South Korea is a land of great physical beauty. If you aren’t born with it, you are meant to create it. Presentation matters here. Photos are part of job applications. “You have lost/gained weight!” is a standard greeting. According to Project Implicit data, South Koreans have the highest explicit fat-stigma on the globe.
I am typing this from the terrace of a hotel overlooking Myeong-dong in the very early morning. The world’s skin-product mecca, by lunchtime the 100’s of stores promising ‘beauty in a bottle’ in this delightful Seoul district will be completely crowded. Exploring last week, we were handed a size conversion chart: apparently, I have jumped from an M to an XL. And people understand this need for extreme thinness as a very Korean phenomenon. At lunch the other day I was complimented: “You are very trim — for an American.”
It isn’t just about thinness. One of four Korean women goes under the knife, such as to widen the eyes or create a “v” shaped chin. An ethnography done in clinics in Seoul explains how surgeons are deeply anxious to meet patient expectations of complete transformation. And it isn’t just the South Koreans getting in on the surgical self-beautification. Cosmetic tourism to South Korea is way up, something like 1/4 of the global aesthetic surgery market. Chinese visitors are apparently confusing passport control on their way home with their completely reworked faces. So important are looks to social integration in South Korea that the top cosmetic surgeons in high-end Gangnam are providing their services pro bono to help North Korean defectors so they can fit in when they disrobe in the popular public spas (jjimjilbang). But one cynical explanation includes that plastic surgeons themselves are sensitive to their own growing stigma as parasites on South Korea’s beauty obsession, and suggests this is designed to counter that public perception.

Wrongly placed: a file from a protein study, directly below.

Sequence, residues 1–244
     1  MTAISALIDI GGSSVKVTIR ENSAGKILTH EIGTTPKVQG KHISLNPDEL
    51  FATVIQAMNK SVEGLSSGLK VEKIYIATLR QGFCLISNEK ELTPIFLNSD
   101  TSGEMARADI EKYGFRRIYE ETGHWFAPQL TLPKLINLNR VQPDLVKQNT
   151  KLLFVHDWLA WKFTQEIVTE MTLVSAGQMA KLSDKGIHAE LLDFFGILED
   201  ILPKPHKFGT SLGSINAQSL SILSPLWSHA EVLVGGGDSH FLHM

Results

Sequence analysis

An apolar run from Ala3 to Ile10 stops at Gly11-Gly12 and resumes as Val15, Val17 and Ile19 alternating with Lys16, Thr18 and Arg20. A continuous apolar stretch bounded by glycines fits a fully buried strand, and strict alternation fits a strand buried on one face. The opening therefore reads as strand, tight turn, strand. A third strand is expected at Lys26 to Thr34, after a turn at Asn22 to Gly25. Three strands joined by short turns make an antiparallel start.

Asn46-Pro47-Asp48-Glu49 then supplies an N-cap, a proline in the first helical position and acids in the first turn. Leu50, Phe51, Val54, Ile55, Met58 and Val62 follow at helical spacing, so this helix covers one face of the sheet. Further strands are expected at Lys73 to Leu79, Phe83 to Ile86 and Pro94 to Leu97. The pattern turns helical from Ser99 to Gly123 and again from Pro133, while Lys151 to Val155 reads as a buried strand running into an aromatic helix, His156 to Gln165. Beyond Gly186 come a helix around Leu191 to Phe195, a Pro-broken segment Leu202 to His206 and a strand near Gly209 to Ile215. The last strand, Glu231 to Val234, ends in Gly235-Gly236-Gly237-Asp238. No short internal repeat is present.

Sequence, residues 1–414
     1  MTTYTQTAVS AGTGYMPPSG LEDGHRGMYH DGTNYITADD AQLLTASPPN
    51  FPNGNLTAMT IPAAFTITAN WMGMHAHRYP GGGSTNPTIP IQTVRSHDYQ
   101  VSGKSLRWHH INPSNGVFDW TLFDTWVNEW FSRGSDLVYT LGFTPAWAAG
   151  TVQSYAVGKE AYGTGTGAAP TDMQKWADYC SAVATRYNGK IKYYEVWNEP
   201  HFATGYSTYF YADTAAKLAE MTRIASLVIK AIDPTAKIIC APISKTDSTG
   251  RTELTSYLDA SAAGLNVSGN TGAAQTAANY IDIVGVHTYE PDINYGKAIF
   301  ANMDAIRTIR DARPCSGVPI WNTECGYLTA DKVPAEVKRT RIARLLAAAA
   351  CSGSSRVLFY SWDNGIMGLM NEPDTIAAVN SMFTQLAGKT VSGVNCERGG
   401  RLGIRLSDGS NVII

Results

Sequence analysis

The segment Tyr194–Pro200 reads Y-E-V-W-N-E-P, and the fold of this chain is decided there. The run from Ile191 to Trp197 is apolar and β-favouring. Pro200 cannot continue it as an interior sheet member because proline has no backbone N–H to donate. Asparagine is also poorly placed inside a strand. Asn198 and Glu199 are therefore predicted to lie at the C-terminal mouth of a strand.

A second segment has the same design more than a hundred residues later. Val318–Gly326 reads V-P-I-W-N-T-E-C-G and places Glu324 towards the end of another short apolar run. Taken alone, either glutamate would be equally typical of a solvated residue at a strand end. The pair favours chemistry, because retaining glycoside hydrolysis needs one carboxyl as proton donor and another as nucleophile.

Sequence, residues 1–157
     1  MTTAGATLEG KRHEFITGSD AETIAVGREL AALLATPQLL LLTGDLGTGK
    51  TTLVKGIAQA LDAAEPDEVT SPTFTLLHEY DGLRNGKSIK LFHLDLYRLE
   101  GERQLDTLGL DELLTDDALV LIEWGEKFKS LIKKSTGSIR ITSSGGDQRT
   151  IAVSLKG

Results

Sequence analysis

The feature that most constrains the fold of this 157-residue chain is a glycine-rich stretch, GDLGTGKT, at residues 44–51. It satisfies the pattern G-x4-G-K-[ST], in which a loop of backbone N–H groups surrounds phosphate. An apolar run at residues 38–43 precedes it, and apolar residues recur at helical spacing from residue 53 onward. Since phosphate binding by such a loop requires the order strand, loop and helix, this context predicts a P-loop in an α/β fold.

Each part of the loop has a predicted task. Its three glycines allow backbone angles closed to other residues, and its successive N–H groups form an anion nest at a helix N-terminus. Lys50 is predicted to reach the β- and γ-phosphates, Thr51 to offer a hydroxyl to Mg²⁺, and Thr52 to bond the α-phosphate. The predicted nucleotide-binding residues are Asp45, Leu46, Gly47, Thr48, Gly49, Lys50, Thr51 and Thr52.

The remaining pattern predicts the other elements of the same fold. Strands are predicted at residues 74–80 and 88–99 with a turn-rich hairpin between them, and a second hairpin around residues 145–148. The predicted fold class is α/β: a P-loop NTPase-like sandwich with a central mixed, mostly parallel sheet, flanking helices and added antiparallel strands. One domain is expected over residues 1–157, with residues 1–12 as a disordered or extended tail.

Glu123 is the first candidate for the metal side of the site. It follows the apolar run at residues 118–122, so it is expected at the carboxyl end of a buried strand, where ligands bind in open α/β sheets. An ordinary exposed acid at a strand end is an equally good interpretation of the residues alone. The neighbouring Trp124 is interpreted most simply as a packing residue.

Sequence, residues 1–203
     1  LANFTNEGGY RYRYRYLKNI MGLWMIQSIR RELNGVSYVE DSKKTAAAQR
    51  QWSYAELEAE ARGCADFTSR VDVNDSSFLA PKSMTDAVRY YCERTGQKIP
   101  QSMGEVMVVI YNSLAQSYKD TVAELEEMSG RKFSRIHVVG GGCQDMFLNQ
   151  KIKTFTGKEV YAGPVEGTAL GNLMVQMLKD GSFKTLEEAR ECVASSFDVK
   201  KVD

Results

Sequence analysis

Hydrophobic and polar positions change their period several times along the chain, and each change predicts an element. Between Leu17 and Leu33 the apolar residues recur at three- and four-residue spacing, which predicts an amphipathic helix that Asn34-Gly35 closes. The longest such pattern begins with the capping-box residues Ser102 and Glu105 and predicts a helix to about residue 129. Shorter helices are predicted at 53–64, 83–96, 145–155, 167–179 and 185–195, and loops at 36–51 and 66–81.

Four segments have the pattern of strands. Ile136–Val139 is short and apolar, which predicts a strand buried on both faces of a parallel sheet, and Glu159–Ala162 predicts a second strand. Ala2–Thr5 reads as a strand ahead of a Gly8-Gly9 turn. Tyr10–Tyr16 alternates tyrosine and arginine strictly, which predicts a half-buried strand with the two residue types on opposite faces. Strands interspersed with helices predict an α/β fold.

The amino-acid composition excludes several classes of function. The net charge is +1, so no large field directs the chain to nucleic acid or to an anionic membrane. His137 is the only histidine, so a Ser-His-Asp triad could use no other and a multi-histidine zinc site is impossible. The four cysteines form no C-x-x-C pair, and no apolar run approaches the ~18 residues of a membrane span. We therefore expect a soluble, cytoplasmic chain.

I am in Seoul with ASU sociologist Seung-Yong (Sean) Han (born and raised here) and socio-linguist Cindi SturtzSreetharan. Very little research has been done in South Korea (or Asia more generally) on the social and emotional implications of these extreme body norms. Cindi is collecting examples of “fat-talk“, considered psychologically damaging and common among women in the US. Korean colleagues agree it is an important aspect of everyday conversation here too. Sean and I are using national-level data to assess if body concerns translate into depression for people who feel they can’t meet them. Our preliminary analyses suggest it does. Work by Dr Dong-Sik Kim from the Korean Women’s Development Institute (where we gave talks the other day) indicates that body despair may even be a major driver for adolescent suicide. While our research here is in the early stages, we leave Korea with the sense that we are in the right place to understand how extreme body norms (mis)shape people’s emotional lives and health.